David N. Kent v. Nancy A. Berryhill

Filing 24

MEMORANDUM DECISION AND ORDER REVERSING DECISION OF THE COMMISSIONER AND REMANDING FOR FURTHER ADMINISTRATIVE PROCEEDINGS by Magistrate Judge Maria A. Audero. It is ordered that Judgment be entered reversing the decision of the Commissioner of Social Security and remanding this matter for further administrative proceedings. (csi)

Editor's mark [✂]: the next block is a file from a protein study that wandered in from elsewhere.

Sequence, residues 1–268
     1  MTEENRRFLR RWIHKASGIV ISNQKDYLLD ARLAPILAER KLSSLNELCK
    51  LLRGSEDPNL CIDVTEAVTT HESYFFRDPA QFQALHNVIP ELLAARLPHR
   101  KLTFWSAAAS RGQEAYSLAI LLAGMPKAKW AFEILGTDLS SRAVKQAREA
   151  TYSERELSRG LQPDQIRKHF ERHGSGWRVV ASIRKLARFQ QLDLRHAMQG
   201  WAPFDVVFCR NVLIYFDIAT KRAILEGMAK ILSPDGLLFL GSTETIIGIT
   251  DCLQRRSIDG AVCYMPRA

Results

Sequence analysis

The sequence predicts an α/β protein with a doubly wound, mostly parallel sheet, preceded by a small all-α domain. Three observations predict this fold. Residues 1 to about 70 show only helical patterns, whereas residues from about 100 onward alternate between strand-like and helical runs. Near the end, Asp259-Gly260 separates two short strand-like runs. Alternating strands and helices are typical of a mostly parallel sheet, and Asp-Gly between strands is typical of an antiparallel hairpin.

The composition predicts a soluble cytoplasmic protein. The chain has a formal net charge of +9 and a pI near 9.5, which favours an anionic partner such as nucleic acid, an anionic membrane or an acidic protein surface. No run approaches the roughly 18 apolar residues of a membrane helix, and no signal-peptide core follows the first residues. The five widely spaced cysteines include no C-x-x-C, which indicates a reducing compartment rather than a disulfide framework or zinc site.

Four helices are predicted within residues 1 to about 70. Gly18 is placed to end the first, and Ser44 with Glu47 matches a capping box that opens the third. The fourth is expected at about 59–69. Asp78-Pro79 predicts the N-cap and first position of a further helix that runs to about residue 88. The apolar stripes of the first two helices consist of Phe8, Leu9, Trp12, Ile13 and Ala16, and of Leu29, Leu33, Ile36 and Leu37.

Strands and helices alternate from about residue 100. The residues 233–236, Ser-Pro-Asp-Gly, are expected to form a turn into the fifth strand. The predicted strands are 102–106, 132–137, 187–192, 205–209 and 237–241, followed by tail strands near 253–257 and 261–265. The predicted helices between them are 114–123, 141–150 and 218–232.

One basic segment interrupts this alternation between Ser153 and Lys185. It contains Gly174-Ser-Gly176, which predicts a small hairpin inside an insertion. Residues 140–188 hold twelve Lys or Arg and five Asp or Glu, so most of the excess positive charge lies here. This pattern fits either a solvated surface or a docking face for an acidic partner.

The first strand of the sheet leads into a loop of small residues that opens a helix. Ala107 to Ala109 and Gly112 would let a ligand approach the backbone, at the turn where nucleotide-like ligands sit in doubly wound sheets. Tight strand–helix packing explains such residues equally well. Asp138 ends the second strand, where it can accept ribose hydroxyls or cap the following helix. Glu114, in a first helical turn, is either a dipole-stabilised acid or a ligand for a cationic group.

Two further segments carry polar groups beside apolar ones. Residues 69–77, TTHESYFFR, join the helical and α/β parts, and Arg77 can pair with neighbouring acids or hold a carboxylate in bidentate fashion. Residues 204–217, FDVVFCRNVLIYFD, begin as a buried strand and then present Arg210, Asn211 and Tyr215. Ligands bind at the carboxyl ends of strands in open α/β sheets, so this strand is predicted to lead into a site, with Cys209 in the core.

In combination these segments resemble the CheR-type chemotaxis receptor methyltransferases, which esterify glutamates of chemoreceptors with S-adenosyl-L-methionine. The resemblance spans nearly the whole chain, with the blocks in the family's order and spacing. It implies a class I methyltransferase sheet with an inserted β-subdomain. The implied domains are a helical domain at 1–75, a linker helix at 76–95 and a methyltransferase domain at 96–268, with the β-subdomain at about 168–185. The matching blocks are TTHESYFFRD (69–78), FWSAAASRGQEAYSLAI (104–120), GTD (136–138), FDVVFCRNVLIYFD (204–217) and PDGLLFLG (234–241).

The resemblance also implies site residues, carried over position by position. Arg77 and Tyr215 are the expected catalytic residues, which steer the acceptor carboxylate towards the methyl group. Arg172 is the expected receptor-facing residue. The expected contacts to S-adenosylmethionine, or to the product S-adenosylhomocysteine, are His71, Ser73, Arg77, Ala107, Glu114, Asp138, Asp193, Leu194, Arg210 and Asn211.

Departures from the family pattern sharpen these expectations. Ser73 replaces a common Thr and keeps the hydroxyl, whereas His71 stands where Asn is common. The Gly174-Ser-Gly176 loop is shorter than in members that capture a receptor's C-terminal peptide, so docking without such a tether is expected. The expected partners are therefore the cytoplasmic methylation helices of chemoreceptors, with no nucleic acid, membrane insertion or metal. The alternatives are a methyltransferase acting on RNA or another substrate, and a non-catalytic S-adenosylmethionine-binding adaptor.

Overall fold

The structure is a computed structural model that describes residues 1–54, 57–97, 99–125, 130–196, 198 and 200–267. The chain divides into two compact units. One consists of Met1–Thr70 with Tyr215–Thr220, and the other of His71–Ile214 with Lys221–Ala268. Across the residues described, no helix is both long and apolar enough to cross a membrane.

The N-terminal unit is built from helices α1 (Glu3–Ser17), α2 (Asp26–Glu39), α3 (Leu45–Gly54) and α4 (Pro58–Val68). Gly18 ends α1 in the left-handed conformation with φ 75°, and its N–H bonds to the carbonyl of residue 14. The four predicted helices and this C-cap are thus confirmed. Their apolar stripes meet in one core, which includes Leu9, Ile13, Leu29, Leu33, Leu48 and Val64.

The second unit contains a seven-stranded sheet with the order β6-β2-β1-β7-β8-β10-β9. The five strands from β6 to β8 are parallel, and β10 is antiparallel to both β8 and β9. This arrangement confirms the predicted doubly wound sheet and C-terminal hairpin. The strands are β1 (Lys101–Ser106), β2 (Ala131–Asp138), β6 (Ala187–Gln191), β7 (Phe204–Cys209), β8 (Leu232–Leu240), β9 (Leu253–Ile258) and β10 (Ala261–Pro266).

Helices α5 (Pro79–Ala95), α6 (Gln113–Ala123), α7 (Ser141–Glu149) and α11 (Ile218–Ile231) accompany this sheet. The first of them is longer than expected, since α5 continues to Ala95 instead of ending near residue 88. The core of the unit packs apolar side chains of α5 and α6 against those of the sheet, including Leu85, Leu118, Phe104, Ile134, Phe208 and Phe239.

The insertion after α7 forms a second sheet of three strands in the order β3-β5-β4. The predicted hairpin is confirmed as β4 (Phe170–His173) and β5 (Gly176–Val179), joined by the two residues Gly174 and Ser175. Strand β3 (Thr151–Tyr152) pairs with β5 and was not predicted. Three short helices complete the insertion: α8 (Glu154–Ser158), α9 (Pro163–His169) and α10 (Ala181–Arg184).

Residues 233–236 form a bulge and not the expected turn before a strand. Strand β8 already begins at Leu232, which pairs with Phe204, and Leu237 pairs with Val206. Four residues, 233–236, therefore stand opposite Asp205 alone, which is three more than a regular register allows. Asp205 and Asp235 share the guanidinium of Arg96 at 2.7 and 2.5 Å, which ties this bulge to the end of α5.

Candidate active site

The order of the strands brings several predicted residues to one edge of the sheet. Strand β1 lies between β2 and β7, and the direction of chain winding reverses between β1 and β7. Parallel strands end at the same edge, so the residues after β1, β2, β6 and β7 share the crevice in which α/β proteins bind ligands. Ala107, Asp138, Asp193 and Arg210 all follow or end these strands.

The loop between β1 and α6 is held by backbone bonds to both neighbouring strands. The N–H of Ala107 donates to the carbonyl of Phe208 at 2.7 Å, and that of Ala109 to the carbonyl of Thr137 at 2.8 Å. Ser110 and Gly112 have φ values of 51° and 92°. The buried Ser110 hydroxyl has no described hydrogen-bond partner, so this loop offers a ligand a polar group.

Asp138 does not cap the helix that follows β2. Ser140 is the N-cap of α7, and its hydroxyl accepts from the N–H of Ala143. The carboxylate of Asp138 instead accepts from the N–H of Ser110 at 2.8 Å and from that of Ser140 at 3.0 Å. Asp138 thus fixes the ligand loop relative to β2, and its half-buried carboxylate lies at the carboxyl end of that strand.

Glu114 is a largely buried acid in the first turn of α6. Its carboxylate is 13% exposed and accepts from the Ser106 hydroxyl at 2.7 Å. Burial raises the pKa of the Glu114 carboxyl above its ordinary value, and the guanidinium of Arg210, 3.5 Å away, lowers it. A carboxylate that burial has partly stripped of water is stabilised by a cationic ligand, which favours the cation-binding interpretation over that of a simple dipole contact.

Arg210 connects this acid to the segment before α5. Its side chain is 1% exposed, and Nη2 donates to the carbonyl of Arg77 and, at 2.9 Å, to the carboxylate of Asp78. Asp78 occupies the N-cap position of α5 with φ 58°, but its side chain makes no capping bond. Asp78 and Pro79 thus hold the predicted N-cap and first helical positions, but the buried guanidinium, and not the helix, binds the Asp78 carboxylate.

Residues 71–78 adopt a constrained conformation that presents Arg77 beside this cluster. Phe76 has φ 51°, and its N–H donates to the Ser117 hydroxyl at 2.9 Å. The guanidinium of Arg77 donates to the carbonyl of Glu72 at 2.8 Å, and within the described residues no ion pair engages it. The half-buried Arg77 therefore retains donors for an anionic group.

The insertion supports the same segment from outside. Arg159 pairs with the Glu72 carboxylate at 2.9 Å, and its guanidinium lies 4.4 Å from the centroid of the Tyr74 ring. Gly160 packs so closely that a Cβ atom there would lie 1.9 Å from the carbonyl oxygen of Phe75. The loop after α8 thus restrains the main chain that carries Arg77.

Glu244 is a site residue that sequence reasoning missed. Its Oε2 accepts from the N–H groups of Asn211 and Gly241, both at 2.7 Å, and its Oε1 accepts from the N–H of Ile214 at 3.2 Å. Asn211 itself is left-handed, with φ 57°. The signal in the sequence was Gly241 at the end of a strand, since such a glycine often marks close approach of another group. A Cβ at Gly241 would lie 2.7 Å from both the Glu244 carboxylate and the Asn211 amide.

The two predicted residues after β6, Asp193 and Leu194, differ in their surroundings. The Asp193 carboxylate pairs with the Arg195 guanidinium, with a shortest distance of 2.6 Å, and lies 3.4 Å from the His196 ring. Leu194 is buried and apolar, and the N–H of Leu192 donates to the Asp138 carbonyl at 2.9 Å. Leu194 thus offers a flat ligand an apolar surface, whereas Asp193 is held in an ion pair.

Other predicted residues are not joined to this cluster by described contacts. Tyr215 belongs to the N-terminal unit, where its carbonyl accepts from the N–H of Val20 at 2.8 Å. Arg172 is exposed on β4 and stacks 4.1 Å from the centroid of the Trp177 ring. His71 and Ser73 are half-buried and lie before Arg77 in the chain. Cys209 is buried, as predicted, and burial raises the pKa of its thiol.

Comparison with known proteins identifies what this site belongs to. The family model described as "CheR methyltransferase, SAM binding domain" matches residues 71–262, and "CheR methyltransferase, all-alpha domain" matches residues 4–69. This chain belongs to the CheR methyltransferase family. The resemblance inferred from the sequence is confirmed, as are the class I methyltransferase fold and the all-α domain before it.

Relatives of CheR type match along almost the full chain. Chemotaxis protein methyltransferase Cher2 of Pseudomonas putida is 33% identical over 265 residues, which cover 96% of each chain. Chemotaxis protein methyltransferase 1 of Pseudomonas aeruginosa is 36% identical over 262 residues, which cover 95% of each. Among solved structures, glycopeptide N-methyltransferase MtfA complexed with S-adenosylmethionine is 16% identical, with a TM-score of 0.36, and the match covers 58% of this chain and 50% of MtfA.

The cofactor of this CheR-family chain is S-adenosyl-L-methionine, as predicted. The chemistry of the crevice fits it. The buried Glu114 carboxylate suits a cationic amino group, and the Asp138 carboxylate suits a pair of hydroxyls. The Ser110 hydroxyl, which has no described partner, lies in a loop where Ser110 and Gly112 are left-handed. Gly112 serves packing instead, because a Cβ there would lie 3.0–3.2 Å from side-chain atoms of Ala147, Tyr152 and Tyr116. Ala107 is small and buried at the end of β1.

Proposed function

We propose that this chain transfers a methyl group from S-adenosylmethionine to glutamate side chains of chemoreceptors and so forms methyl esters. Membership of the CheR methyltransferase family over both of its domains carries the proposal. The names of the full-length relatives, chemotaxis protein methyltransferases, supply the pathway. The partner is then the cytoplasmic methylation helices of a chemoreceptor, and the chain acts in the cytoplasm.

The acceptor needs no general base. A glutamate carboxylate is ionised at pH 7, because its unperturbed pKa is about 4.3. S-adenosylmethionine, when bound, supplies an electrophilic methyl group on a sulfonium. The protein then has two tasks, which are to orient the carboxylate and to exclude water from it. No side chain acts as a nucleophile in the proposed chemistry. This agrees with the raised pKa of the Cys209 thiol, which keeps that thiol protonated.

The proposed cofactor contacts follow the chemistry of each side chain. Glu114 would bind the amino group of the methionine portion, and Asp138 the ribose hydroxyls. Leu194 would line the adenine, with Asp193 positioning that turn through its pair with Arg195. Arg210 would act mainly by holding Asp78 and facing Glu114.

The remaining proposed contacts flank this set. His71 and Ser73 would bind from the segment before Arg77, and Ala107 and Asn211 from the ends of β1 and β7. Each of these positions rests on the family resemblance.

Download PDF